PHYSIOLOGY OF HAIR

The hair shaft has three layers: cuticle, medulla and cortex. Cuticle is an outer layer, protecting the inner layers. It is transparent. The secret of shiny and glistening hair is buried in a cuticle. Hair's good appearance depends on a healthy cuticle, and an unhealthy cuticle spells a lifeless look. Being the outermost part of the hair shaft, the cuticle is formed from dead cells, overlapping in layers, which form scales that give the hair shaft strength and protect it.

physiology-of-hair

HAIR FOLLICLE PHASES

There are several phases of hair follicle growth.

  • Anagen Phase - active phase
  • Catagen Phase - apoptosis-driven involution, end of the active growing phase of the life cycle of the hair, between growing phase (anagen) and resting stage (telogen).
  • Telogen Phase - hair follicle resting phase of the hair growth cycle

NORMAL HAIR GROWTH CYCLE

Hair follows a specific growth cycle in three distinct and concurrent phases: anagen, catagen, and telogen phases. Each phase has specific characteristics that determine the length of the hair. All three phases occur simultaneously; one strand of hair may be in the anagen phase, while another is in the telogen phase.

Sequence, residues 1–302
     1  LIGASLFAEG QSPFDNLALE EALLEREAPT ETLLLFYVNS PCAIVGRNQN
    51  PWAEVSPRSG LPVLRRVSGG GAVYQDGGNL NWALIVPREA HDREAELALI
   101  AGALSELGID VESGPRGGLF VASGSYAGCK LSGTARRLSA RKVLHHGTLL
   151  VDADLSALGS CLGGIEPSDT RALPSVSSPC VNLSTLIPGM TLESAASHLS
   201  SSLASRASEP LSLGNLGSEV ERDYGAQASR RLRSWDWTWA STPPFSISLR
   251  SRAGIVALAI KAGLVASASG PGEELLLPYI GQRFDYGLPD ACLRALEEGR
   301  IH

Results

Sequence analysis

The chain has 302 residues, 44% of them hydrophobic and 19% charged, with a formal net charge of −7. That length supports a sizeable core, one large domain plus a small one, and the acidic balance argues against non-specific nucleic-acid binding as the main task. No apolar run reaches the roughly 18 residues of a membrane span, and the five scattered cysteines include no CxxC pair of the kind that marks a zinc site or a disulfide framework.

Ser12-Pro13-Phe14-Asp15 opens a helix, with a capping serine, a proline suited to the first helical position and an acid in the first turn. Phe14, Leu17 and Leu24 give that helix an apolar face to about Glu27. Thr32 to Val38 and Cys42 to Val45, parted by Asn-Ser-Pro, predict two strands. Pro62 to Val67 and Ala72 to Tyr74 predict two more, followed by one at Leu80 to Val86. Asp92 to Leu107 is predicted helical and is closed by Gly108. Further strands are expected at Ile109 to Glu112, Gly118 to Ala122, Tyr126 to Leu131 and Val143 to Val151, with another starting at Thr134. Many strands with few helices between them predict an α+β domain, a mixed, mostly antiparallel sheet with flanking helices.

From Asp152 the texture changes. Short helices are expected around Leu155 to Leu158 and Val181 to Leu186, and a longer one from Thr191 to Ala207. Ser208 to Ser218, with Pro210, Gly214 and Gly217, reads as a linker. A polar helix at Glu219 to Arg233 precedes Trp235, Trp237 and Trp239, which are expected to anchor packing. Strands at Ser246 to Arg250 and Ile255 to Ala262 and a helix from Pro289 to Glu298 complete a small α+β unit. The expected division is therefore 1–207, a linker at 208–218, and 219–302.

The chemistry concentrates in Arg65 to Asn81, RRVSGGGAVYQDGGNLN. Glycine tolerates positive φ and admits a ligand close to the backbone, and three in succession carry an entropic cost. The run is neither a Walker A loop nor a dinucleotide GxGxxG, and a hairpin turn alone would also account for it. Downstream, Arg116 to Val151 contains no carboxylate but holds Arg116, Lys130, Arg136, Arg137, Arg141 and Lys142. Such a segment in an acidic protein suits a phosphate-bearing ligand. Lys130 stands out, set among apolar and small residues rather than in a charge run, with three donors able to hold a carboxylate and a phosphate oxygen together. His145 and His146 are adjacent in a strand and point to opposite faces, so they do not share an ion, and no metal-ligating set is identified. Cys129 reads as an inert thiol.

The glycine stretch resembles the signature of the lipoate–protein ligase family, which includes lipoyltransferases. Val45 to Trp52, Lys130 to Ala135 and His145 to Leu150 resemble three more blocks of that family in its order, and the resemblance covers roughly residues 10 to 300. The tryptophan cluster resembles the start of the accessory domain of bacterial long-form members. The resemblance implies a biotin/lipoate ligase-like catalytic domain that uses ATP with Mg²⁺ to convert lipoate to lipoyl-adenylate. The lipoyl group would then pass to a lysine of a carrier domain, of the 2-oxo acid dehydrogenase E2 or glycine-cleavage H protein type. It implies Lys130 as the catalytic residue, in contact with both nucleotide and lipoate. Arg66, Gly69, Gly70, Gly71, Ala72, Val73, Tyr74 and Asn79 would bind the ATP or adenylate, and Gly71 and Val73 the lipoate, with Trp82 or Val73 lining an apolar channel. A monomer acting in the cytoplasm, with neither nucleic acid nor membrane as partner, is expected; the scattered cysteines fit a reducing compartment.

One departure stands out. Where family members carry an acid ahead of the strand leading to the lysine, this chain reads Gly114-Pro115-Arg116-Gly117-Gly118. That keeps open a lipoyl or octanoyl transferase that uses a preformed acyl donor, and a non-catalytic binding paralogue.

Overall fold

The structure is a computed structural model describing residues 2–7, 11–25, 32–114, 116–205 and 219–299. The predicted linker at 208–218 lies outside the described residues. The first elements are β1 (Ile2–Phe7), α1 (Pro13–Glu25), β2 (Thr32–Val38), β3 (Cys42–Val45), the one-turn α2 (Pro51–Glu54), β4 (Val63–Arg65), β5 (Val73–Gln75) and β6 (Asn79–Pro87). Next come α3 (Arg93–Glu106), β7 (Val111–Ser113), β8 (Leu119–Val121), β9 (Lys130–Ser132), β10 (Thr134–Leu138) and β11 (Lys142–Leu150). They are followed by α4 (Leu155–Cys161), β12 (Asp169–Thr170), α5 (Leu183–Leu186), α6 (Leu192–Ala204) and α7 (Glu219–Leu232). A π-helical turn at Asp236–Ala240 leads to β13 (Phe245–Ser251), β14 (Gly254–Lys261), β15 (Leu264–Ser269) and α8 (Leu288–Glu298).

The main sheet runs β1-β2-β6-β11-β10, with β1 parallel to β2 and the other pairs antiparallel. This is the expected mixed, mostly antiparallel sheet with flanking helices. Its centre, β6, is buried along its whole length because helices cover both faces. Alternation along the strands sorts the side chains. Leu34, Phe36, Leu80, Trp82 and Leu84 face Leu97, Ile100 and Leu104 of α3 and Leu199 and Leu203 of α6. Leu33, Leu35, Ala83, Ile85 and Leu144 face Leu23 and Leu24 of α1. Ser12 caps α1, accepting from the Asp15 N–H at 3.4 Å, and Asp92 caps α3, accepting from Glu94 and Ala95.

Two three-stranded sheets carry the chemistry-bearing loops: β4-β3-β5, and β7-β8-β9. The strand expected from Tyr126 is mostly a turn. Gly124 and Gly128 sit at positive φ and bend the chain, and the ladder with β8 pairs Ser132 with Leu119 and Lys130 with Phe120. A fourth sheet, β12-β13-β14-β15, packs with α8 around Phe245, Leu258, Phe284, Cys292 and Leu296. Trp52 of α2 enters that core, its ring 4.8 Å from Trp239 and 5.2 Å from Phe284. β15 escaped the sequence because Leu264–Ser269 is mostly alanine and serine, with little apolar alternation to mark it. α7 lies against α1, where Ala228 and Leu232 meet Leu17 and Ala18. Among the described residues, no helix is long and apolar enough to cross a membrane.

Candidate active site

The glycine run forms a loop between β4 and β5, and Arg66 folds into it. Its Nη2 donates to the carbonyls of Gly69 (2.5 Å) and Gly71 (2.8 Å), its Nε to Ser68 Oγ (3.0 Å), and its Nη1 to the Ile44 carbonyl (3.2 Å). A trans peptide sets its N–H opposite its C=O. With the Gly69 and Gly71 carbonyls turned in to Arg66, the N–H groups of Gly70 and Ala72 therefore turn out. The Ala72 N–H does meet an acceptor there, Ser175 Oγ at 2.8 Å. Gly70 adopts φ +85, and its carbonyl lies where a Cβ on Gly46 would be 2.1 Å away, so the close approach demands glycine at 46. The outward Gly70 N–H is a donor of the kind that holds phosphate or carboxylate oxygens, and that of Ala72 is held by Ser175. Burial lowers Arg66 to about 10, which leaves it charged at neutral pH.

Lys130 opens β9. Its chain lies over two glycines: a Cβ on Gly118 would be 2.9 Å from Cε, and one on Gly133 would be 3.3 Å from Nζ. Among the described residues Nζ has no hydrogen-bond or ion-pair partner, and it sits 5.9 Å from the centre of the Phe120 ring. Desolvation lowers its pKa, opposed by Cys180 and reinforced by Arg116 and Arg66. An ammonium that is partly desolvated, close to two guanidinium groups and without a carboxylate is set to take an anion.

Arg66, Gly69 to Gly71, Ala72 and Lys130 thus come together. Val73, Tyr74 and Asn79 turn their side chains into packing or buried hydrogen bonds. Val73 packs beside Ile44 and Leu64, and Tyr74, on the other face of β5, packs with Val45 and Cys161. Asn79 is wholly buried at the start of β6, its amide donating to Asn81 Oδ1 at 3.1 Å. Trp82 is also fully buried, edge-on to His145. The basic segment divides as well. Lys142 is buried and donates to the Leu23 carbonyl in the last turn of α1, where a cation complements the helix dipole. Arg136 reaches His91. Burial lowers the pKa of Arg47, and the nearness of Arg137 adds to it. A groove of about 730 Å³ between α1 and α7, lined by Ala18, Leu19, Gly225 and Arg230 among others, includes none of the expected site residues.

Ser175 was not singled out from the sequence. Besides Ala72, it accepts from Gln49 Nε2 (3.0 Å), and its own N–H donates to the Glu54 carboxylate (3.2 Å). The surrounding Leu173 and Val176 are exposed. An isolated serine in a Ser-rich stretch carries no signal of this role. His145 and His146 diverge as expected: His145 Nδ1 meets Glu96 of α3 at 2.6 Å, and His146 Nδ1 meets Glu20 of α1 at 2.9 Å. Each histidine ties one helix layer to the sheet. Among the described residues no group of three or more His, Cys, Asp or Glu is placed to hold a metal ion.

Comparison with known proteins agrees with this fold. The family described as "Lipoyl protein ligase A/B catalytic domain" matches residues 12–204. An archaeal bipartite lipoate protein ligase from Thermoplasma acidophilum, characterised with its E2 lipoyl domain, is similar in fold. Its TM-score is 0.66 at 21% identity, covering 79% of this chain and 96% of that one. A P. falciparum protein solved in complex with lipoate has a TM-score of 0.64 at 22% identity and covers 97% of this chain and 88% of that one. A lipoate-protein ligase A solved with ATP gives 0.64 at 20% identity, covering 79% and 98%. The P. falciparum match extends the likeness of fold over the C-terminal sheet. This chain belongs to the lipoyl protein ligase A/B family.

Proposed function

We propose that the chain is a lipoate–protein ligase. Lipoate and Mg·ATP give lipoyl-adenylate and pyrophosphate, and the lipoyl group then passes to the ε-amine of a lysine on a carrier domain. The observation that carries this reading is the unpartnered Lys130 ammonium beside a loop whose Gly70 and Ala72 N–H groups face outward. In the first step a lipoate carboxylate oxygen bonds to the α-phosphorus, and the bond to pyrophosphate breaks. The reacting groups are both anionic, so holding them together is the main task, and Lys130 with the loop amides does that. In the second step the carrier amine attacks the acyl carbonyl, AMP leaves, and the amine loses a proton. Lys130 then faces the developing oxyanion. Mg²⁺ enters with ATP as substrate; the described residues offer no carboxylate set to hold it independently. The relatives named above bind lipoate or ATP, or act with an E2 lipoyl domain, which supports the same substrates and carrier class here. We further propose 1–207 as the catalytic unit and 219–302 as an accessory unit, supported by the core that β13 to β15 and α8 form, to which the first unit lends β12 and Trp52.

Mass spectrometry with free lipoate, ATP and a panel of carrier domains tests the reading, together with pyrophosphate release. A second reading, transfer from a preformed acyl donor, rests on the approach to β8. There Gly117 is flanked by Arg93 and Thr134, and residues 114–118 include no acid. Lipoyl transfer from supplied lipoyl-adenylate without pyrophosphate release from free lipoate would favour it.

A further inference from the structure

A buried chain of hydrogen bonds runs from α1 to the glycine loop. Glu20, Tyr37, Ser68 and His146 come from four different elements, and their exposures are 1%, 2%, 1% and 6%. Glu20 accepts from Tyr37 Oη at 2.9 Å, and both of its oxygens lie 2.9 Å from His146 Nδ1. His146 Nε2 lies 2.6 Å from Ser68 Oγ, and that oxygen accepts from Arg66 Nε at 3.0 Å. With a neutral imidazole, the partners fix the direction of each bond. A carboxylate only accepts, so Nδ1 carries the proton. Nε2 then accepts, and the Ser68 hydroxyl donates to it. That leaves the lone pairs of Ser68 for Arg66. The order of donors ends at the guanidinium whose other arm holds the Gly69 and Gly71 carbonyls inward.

Generally known as the anagen phase, the hair growth phase begins in the papilla and lasts from two to six years. Genetical factors play a major role in deciding the span of hair in this phase. The longer the hair stays in the anagen phase, the longer it grows. During this phase, cells in the papilla get divided to produce new hair fibres, and the follicle buries itself into the dermal layer of the skin to nourish the strand. About 85% of the hairs on one's head are in the anagen phase at any given time.

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